Kerry Scott, a former selectman, said Mr. Wey’s work at the senior center was motivated by a heartfelt desire to help.

“It’s like you are taking something wonderful and making it awful,” she said. “I want you to stop, I think we are better than this... I know a witch hunt when I see one.”

A few members of the senior center who play cards there said they wanted to see the senior center revert to its normal operations. 

“We would like to see him in his office so that he can come out and see us enjoying ourselves,” said Dorothy Underwood, an Oak Bluffs resident. 

Four selectmen voted to continue the investigation, with Gail Barmakian abstaining. 

Ms. Barmakian said she didn’t think the issue should be dealt with publicly. She said she wanted a chance to speak with special labor counsel in an executive session. Ms. Barmakian also called attention to the flow of information during the investigation.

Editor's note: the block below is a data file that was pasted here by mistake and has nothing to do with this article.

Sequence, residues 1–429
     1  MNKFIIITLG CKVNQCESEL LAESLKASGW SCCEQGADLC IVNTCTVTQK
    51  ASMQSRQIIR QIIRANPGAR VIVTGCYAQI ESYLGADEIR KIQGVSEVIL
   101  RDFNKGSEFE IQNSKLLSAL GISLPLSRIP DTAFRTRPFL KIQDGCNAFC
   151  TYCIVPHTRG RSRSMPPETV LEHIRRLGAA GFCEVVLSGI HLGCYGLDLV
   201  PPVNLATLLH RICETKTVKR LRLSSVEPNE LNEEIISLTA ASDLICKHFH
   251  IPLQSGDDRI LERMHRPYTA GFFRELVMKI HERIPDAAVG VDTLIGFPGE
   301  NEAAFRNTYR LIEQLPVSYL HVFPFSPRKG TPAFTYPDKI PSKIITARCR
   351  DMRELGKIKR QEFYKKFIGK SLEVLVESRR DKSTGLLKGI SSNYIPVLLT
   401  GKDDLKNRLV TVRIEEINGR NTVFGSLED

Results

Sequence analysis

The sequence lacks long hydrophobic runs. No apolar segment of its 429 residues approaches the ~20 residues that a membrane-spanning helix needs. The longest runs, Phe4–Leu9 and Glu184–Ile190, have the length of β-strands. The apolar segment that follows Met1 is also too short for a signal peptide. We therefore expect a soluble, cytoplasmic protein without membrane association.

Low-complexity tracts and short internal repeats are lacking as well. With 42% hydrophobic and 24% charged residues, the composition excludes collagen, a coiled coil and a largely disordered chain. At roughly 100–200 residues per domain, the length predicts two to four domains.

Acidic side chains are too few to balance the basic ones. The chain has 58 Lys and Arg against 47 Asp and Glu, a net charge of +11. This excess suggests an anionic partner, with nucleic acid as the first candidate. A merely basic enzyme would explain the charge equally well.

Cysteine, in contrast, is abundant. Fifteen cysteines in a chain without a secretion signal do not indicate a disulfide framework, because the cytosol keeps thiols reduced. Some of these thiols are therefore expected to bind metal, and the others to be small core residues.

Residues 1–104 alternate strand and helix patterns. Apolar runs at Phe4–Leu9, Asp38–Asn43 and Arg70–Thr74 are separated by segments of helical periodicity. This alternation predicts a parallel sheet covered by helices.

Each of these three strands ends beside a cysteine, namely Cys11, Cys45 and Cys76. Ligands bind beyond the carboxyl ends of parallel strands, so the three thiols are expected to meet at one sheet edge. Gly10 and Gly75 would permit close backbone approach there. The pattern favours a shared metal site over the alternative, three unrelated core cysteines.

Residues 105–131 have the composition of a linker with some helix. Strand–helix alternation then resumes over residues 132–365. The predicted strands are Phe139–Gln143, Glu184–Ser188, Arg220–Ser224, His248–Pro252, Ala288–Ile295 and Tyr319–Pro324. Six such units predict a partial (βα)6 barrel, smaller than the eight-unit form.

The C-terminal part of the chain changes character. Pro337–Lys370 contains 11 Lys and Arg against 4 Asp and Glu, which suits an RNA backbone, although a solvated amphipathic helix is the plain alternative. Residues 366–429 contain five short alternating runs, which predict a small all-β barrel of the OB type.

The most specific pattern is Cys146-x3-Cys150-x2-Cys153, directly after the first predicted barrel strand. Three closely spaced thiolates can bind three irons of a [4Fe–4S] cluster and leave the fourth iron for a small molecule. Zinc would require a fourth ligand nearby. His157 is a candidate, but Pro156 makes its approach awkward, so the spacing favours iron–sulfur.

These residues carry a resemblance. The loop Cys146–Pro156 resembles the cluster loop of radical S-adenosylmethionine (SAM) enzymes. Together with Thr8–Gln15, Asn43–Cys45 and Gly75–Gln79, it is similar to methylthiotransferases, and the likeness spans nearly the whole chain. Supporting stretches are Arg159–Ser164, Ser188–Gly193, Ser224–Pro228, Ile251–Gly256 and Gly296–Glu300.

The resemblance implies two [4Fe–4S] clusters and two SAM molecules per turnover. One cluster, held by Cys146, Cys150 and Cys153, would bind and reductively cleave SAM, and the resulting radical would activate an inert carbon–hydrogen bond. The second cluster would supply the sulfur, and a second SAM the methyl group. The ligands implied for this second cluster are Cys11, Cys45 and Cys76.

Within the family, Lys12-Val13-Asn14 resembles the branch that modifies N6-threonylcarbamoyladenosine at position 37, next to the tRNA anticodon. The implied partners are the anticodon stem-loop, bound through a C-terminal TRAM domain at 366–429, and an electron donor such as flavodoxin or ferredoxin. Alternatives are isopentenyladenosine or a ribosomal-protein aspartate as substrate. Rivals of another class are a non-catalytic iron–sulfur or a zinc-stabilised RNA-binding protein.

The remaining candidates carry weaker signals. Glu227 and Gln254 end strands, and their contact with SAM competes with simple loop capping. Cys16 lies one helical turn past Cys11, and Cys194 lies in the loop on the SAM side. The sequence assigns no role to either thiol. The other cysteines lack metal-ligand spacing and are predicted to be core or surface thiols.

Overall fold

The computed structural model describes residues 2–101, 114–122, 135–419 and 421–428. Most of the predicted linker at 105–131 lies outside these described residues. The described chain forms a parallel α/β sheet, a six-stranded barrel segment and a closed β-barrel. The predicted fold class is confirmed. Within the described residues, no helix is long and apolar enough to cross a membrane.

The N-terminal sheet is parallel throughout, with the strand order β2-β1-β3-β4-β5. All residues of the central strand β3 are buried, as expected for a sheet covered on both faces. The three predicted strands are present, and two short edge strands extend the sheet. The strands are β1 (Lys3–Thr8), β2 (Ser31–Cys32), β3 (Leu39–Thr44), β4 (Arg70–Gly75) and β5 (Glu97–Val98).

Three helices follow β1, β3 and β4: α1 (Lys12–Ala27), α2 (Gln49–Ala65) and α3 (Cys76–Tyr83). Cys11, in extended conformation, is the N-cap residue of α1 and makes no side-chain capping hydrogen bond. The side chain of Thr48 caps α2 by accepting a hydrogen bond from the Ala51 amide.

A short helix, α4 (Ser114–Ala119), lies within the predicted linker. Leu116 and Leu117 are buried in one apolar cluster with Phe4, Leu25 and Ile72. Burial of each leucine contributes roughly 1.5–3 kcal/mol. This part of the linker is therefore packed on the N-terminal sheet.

“I am asking for facts, because right now I am in the dark and I have been kept in the dark,” she said.

Mr. Vail decided to proceed in public session, saying he wanted to maintain transparency with the voters. 

“I want to make sure that everybody here and everybody who may be watching understands that we have a continuing investigation and it’s important to focus on what his reasoning is for that investigation,” Mr. Vail said. 

Selectmen Kathy Burton agreed. 

“When labor counsel, whom we hire to make recommendations to us, and makes a recommendation, I perfectly believe we should follow it and get to the bottom of whatever this is,” she said. 

“I want to get it cleaned up and put it behind us,” said selectmen Michael Santoro.